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What is the most analytical theory available for why recipes will taste good, such that they could be designed ahead of time and predicted to be tasty, and explained why?

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  • For a geeky approach: xkcd.com/720
    – Jon Custer
    Nov 18, 2021 at 21:44
  • Don't you think "experience" will always define the "determining factors"? Could there be any exception other than a 'periodic table of ingredients' that somehow over-rode personal taste? Nov 18, 2021 at 21:50

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It is incorrect to assume that there is no theory about the pairing of ingredients that result in a tasty recipe. Of course, many factors are at play when determining which ingredients work well together when combined. Ingredients that are commonly cultivated or harvested in close proximity were often historically used together, for example. This created a culturally accepted range of flavors, that became expected or understood to work. You may have heard the adage, "if it grows together, it goes together." There is something to it, generally speaking, of course.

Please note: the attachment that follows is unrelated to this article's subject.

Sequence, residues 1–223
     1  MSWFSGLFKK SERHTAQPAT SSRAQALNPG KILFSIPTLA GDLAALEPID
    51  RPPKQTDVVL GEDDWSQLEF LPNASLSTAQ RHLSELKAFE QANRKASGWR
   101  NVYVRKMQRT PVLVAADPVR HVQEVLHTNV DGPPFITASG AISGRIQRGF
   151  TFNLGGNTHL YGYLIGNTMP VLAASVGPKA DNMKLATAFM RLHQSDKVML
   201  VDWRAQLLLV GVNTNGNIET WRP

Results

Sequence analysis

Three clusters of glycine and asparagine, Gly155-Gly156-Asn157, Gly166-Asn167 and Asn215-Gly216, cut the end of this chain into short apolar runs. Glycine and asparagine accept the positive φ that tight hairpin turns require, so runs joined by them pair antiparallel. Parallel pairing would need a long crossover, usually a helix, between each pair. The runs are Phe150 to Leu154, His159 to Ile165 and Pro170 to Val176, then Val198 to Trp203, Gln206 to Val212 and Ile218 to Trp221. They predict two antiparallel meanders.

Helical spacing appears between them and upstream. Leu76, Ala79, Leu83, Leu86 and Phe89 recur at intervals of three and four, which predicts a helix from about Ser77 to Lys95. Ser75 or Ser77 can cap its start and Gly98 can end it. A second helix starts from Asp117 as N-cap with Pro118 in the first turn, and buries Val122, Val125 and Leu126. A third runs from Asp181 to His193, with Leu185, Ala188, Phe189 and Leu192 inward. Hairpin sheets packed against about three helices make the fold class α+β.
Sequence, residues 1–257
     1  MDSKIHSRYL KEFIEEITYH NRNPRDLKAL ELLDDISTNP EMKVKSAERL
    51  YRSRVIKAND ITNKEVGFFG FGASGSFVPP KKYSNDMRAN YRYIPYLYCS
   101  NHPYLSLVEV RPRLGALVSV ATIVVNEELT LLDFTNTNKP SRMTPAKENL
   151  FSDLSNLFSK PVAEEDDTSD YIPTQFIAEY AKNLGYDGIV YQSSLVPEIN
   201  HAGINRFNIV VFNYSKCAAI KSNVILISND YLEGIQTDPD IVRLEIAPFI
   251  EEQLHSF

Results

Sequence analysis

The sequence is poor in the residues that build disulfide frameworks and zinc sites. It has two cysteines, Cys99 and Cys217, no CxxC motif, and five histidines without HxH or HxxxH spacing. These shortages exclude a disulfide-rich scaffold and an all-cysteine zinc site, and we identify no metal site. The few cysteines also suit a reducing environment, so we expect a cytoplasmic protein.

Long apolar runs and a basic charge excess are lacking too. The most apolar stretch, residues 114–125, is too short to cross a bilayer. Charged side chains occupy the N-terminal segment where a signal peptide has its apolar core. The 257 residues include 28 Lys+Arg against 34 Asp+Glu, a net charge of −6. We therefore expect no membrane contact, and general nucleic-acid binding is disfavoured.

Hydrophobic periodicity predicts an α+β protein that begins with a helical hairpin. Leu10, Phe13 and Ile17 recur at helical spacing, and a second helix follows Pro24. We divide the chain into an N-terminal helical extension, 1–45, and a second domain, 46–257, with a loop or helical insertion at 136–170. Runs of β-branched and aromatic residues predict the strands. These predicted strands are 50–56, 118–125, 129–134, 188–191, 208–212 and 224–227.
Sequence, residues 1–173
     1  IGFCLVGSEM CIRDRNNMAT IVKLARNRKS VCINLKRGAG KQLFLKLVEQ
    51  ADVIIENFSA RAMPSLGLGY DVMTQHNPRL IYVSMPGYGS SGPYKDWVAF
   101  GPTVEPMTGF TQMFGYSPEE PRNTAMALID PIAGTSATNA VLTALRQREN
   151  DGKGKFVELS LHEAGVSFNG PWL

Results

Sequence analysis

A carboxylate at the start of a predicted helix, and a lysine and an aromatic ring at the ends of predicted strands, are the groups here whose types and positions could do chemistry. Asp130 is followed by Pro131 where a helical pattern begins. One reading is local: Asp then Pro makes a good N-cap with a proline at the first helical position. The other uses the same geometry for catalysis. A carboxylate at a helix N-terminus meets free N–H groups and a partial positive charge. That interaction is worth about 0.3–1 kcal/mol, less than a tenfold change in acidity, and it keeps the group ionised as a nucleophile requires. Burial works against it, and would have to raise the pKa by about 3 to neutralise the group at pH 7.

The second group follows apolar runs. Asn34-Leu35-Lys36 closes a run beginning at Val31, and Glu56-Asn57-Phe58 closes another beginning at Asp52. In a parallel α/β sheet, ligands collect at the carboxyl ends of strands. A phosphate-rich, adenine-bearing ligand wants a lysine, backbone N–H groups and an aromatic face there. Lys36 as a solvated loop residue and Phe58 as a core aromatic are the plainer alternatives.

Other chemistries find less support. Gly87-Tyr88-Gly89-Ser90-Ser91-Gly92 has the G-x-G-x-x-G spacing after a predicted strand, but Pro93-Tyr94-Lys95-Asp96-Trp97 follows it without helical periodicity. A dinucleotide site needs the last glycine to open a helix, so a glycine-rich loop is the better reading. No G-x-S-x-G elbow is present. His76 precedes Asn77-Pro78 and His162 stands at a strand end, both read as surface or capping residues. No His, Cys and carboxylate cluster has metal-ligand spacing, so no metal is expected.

However, more to your point, there are also some folks looking at the chemistry. These folks have been working at it for a while as well. It is an interesting question, with a theory, and the scientific testing of the theory that, I believe, is on-going.

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Short answer: No.

Long answer: Humans can taste/smell hundreds of different flavors representing thousands of different compounds. What "tastes good" or not is as much a matter of experience and acclimatization as it is anything inherent.

As such, there is no universal theory of "what tastes good", nor could there be.

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